The Army’s Giant Spy Blimp Is Coming To The Washington Area

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A radar and weapons detection system currently employed in Afghanistan and largely designed for naval fleets is coming to the Washington D.C. area.

The Joint Land Attack Cruise Missile defence Elevated Netted Sensor System, nicknamed JLENS for people with things to do, is a blimp that is tethered to a cord and floated above a vulnerable area.

Sensors attached to the blimp are able to detect anything from cruise missiles and rockets to approaching tanks from hundreds of miles away.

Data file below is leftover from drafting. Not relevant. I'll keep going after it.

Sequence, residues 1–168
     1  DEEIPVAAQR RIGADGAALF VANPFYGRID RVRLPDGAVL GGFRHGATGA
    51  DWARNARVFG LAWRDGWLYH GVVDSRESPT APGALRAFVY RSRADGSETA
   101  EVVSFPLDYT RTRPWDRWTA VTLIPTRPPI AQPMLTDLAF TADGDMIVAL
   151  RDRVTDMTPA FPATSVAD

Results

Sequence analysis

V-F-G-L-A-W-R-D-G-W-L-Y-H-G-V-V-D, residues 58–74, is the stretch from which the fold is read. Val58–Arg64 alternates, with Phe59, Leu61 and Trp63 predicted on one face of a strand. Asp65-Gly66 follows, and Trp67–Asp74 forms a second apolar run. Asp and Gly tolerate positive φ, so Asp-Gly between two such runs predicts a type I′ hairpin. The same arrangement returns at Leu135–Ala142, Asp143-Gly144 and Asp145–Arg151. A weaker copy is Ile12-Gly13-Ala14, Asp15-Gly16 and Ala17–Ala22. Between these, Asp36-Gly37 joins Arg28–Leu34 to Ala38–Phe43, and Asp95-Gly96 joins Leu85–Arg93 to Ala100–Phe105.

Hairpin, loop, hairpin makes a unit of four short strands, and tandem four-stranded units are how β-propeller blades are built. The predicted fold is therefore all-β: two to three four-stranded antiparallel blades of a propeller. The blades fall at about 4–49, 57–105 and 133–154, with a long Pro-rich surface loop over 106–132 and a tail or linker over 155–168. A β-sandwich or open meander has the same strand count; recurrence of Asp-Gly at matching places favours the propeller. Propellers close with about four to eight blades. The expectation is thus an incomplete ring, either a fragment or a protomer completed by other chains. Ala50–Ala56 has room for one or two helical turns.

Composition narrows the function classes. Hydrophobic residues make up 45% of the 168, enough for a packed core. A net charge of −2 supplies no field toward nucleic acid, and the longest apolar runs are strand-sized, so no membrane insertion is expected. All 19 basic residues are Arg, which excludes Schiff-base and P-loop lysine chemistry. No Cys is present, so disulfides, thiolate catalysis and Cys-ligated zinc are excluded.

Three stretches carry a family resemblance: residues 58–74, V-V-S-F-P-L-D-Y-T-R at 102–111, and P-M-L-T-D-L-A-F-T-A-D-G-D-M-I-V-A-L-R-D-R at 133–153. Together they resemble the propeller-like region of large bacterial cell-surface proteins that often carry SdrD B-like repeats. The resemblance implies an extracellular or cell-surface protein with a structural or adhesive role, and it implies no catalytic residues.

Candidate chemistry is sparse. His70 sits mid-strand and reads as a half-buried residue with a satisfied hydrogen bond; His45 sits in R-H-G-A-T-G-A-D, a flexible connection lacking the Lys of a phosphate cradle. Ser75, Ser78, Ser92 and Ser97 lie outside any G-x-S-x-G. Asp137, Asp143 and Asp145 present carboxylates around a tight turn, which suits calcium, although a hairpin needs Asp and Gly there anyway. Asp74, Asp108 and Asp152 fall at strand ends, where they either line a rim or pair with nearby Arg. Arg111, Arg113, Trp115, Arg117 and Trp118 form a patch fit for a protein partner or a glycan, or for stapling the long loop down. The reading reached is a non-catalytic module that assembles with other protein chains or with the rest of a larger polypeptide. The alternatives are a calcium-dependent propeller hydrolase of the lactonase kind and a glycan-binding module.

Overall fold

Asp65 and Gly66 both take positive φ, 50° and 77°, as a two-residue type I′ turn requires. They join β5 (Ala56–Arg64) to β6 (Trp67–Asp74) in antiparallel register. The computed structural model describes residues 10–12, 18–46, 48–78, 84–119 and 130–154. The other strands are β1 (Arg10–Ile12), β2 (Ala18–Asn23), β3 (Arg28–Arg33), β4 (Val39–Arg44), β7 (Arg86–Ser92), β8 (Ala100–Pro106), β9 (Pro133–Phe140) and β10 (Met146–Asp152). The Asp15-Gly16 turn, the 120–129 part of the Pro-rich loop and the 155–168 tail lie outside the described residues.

The Army, in conjunction with U.S. Northern Command, will be conducting tests with the JLENS at Aberdeen Proving ground in Maryland. They are reportedly experimenting with affordable domestic missile shield technology.

JLENS can reach an altitude of 10,000 feet and stay aloft for 30 days at a stretch, and its 360 degree sensor package can scan the air, land, and sea for up to 340 miles, according to DefenseNews.

The system is produced by Raytheon.

This YouTube video does a great job explaining how it works:

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